Clarion Call: An Invitation to Look, Listen, Read, and Share!

This photo has caught many pairs of eyes around here. Look closely and you’ll no doubt deduce why.

 New York City book campaign. Photo by Abel & Company, Inc., 1919. //hdl.loc.gov/loc.pnp/ppmsca.40926

New York City book campaign. Photo by Abel & Company, Inc., 1919. //hdl.loc.gov/loc.pnp/ppmsca.40926

Reference librarian Melissa, who added it to our sharing wall, noted that, at first glance, she thought the megaphone-wielding woman was standing on an edifice of very narrow bricks.  But no, it’s…books!

ALA Camp Kearny library Left to right: J.H. Quire, Camp Librarian, Fr. Herbert Putnam, Gen'l. Director, Library War Service, I.N. Lawson, Jr. Assistant Librarian. Photo, 1918 or 1919. //hdl.loc.gov/loc.pnp/ds.06513

ALA Camp Kearny library Left to right: J.H. Quire, Camp Librarian, Fr. Herbert Putnam, Gen’l. Director, Library War Service, I.N. Lawson, Jr. Assistant Librarian. Photo, 1918 or 1919. //hdl.loc.gov/loc.pnp/ds.06513

My first thought, likely influenced by thoughts of plans for a new year was, “My, what an impressive ‘to read’ pile!” I can testify that my “to read” stack feels this ambitious. But what the photo actually shows is energetic campaigning on behalf of a notable book sharing effort: the American Library Association’s World War I program to bring books to those serving in the military.

The Library War Service was initially directed by Herbert Putnam here at the Library of Congress. Between 1917 and 1920, ALA raised $5 million from public donations; set up thirty-six camp libraries with Carnegie Corporation funds; and distributed approximately 10,000,000 books and magazines (my thanks to this American Library Association blog post for the facts and figures: “War Service Library book, ” American Library Association, April 19, 2010.  http://www.ala.org/tools/war-service-library-book).

This bookplate, which is about the size of a small playing card, designated a book made available through the program.

Bookplate of War Service Library. Print by C. B. Falls, 1918. //hdl.loc.gov/loc.pnp/ppmsca.40874

Bookplate of War Service Library. Print by C. B. Falls, 1918. //hdl.loc.gov/loc.pnp/ppmsca.40874

Appreciating what I think of as a “clarion call” photo, replete with books, megaphone, many visual details to absorb and a massive sharing effort to admire, has me primed for all the opportunities for looking, listening, reading, and sharing we can look forward to as we enter a new decade.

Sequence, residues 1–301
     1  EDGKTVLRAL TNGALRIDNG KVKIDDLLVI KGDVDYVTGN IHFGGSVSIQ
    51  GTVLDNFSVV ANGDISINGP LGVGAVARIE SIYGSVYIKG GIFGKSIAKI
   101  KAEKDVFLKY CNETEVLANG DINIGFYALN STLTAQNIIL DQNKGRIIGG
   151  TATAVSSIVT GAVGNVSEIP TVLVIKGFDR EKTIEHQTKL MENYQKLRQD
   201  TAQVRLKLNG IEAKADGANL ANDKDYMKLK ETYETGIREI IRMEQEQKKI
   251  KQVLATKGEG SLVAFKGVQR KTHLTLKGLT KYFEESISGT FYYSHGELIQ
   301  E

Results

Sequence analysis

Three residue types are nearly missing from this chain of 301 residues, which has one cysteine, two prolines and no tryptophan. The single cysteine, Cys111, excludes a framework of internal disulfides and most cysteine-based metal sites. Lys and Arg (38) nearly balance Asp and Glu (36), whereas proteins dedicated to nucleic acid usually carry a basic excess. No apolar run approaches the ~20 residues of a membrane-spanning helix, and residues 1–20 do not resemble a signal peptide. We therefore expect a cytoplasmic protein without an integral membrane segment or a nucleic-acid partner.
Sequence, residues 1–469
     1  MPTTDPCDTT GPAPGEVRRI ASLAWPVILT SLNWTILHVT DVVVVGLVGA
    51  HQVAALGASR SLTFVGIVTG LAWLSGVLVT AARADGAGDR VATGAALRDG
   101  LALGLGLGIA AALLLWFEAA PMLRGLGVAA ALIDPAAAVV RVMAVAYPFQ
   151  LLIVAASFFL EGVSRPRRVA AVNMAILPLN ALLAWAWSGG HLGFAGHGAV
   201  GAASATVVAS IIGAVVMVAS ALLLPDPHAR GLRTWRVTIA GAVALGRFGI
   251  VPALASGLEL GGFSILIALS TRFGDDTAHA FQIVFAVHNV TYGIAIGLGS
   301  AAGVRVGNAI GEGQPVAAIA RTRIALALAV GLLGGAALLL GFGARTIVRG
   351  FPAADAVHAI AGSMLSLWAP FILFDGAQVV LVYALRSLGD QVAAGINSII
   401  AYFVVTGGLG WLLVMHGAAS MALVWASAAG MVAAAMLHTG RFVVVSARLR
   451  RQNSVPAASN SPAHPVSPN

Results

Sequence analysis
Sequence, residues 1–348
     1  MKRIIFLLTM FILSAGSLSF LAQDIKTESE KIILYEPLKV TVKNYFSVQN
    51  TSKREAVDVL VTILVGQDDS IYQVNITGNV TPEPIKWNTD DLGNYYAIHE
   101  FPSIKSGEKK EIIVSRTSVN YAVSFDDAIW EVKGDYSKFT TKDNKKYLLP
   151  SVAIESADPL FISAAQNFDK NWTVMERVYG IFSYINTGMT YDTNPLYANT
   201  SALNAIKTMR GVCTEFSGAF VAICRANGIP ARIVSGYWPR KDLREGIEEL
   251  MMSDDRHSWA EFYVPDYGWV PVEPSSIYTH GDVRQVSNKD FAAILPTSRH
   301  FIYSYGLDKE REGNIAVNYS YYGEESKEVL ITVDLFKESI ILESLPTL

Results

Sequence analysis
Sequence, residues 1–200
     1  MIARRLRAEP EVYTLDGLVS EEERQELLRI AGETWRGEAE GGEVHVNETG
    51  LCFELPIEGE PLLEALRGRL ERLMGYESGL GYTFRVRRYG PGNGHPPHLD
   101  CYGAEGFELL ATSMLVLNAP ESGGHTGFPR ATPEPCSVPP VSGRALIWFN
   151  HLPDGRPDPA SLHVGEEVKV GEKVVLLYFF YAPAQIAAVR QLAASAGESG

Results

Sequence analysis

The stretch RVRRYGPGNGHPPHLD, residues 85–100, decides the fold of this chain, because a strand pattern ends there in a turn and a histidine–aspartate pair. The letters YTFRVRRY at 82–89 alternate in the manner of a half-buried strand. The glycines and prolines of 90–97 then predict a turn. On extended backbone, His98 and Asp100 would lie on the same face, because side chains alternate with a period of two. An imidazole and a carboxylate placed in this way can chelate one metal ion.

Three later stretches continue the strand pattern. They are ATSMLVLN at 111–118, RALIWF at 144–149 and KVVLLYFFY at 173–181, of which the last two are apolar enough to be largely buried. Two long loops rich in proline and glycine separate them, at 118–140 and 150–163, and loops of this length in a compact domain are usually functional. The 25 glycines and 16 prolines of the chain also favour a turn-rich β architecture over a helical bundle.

The camp library is yours - Read to win the war. Print by C. B. Falls, sponsored by the American Library Association, 1917. //hdl.loc.gov/loc.pnp/ppmsca.40831

The camp library is yours – Read to win the war. Print by C. B. Falls, sponsored by the American Library Association, 1917. //hdl.loc.gov/loc.pnp/ppmsca.40831

Learn More

  • This photo was featured in the exhibition,“Not an Ostrich: And Other Images from America’s Library” held at the Annenberg Space for Photography in Los Angeles, California April-Sept. 2018, and is among those from the exhibition that we have shared on Flickr. Have a look at the comments viewers offered on the photo, and explore others in the “Not an Ostrich” album.
  • Sample World War I book-related initiatives documented in photos and posters.
  • Looking closely at the World War I posters online suggests just how important reading was to people stationed far from home on both sides of the conflict. Searching within the collection by the subject heading “reading” offers several where reading is the focus, but see if you can locate more that show people reading in the foreground or background.
  • Check out an earlier blog post about World War I record drives that brought sound to those serving in the war: “Sounding the Call, for Sounds.”
  • Learn more about the Library War Service from Theodore Wesley Koch’s first-hand account, Books in the War: the Romance of Library War Service (Boston: Houghton Mifflin, 1919) available in full text through HathiTrust.

Add a Comment

This blog is governed by the general rules of respectful civil discourse. You are fully responsible for everything that you post. The content of all comments is released into the public domain unless clearly stated otherwise. The Library of Congress does not control the content posted. Nevertheless, the Library of Congress may monitor any user-generated content as it chooses and reserves the right to remove content for any reason whatever, without consent. Gratuitous links to sites are viewed as spam and may result in removed comments. We further reserve the right, in our sole discretion, to remove a user's privilege to post content on the Library site. Read our Comment and Posting Policy.

Required fields are indicated with an * asterisk.